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10 May 2011 @ 09:45 pm
Europe Catches Shale Fever CCNet 9 May  

CCNet – 9 May 2011

The Climate Policy Network

Europe Catches Shale Fever

A spectre is haunting Europe — the shale gas revolution that promises to shake up green energy and climate policies. --Benny Peiser, Public Service Europe, 9 May 2011

Poland said the development of shale gas across the EU should obtain the status of "a common European project," adding that it intends to promote the development of unconventional gas during its upcoming EU presidency. --EurActiv, 9 May 2011

In light of its accelerated nuclear phase-out, the German government is now focusing on shale gas as a bridging technology on the road towards renewables. All over the country additional gas power plants will be built, according to the latest government plans. The prospect of sustained low prices and decreasing dependency on gas producers is encouraging this new energy strategy. --Nicolai Fichtner, Financial Times Deutschland, 6 May 2011

Unconventional gas resources in Europe have the potential to reshape the continent’s supply, reducing its dependency on Russia and the Middle East, says a report out on Friday. If only a fraction of the potential unconventional gas resource becomes available for European and other energy markets before 2020, it will offer the EU another domestic source, enabling greater diversification of gas demand and imports, as well as improving energy security for decades. --Sylvia Pfeiffer, Financial Times, 6 May 2011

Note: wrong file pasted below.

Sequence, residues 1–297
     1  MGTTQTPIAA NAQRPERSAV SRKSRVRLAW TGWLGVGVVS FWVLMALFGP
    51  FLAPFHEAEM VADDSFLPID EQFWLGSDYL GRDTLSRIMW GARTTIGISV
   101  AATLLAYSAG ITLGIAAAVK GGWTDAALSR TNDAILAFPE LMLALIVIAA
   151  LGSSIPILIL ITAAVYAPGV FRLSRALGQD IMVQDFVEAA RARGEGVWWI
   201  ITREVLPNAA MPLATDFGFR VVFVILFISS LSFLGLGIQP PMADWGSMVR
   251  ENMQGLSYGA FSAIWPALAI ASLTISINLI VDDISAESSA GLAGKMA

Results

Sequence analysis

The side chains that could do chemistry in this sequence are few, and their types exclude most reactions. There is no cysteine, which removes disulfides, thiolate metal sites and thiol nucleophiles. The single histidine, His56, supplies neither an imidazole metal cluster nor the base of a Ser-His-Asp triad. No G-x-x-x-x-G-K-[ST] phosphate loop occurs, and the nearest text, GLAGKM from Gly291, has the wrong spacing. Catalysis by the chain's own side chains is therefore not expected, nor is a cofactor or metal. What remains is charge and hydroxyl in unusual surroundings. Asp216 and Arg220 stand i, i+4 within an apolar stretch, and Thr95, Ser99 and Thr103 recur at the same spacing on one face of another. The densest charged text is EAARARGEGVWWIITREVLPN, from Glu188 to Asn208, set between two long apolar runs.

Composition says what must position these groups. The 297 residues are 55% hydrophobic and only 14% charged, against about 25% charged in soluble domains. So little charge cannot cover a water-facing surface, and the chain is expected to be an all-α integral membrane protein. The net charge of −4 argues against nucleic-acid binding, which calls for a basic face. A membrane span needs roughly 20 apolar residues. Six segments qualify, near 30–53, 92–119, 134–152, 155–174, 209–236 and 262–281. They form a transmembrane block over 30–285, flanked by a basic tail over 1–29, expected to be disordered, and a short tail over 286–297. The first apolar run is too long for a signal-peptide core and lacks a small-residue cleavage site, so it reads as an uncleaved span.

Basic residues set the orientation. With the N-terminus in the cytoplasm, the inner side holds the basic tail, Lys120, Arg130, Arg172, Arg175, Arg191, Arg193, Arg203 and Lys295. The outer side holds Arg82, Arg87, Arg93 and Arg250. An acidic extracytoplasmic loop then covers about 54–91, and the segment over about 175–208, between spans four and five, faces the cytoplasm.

On the geo-economic and geo-political side, unconventional gas has the potential to change the industry structure far greater then is commonly understood, and this calls for a new mindset within both industry, conventional gas suppliers, demand centers and those involved in the wider public policy arena. Shale gas has already changed the European market; even before a single well has been drilled, or a single molecule of unconventional gas has been produced from the European basins. --European Centre for Energy and Resource Security, 6 May 2011

The past 100 days have been a dramatic time for energy markets, as a nuclear accident in Japan followed revolt across the Middle East, with oil prices fluctuating sharply in the aftermath. Despite the sense of crisis, however, neither Fukushima nor conflict in Libya is likely to disrupt long-term patterns in global energy supplies. But there is one new development – the rising importance of shale gas – that just might.--Nick Butler, Financial Times, 9 May 2011

1) Europe Told Of Potential Shale Gas Bonanza -Financial Times, 6 May 2011

2) Poland: Shale Gas A “Common European Project” -EurActiv, 9 May 2011

3) Nick Butler: How Shale Gas Will Transform The Markets - Financial Times, 9 May 2011

4) Benny Peiser: Shale Rush Or False Dawn? -Public Service Europe, 9 May 2011

5) French People Support Shale Oil If It Helps Lower Fuel Price -Energia News, 5 May 2011

6) New Report: Strategic Perspectives of Unconventional Gas: A Game Changer with implications for the EU´s Energy Security - European Centre for Energy and Resource Security, 6 May 2011

7) Panel Debate: Energy and Security - Is Decarbonisation Inevitable? -The Legatum Institute

8) Robert Matthews: The More Famous The Expert, The Worse His Predictions -The National, 8 May 2011

9) Terence Corcoran: Greens ‘Lost’ As Growth Prevails -Financial Post, 6 May 2011